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What's the best approach to write contracts for Scrapy spiders that have more than one method to parse the response? I saw this answer but it didn't sound very clear to me.

My current example: I have a method called parse_product that extracts the information on a page but I have more data that I need to extract for the same product in another page, so I yield a new request at the end of this method to make a new request and let the new callback extracts theses fields and returns the item.

The problem is that if I write a contract for the second method, it will fail because it doesn't have the meta attribute (containing the item with most of the fields). If I write a contract for the first method, I can't check if it returns the fields, because it returns a new request, instead of the item.

def parse_product(self, response):
    il = ItemLoader(item=ProductItem(), response=response)
    # populate the item in here

    # yield the new request sending the ItemLoader to another callback
    yield scrapy.Request(new_url, callback=self.parse_images, meta={'item': il})

def parse_images(self, response):
     """
     @url http://foo.bar
     @returns items 1 1
     @scrapes field1 field2 field3
     """
     il = response.request.meta['item']
     # extract the new fields and add them to the item in here

     yield il.load_item()

In the example, I put the contract in the second method, but it gave me a KeyError exception on response.request.meta['item'], also, the fields field1 and field2 are populated in the first method.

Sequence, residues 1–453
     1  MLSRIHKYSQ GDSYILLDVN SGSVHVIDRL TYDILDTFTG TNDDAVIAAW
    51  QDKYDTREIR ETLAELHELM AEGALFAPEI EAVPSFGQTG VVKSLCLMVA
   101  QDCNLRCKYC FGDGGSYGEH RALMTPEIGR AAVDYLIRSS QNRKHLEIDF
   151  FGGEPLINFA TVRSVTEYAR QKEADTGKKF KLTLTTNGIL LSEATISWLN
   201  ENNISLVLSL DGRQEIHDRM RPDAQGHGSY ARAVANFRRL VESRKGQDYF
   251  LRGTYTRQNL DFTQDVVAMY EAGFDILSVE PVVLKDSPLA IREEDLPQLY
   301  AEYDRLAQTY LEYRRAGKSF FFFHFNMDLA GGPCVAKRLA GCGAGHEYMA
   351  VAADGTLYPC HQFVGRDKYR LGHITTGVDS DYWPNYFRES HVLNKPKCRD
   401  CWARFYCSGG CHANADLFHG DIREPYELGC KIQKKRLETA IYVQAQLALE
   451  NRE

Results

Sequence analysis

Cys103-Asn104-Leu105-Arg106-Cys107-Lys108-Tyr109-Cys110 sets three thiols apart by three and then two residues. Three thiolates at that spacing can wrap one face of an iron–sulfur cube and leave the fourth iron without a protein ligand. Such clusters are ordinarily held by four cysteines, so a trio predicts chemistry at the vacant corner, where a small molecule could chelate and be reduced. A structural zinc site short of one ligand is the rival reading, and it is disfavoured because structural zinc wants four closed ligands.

Hope it's clear enough.

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Frankly, I don't use Scrapy contracts and I don't really recommend anyone to use them either. They have many issues and someday may be removed from Scrapy.

In practice, I haven't had much luck using unit tests for spiders.

For testing spiders during development, I'd enable the cache and then re-run the spider as many times as needed to get the scraping right.

For regression bugs, I had better luck using item pipelines (or spider middlewares) that do validation on-the-fly (there is only so much you can catch in early testing anyway). It's also a good idea to have some strategies for recovering.

And for maintaining a healthy codebase, I'd be constantly moving library-like code out from the spider itself to make it more testable.

Sorry if this isn't the answer you're looking for.

  • 1
    It wasn't exactly the answer I was looking for but it did help me a lot, maybe more than the actual answer (if it exists). Thank you. – Gustavo Carvalho Jul 5 '16 at 0:27

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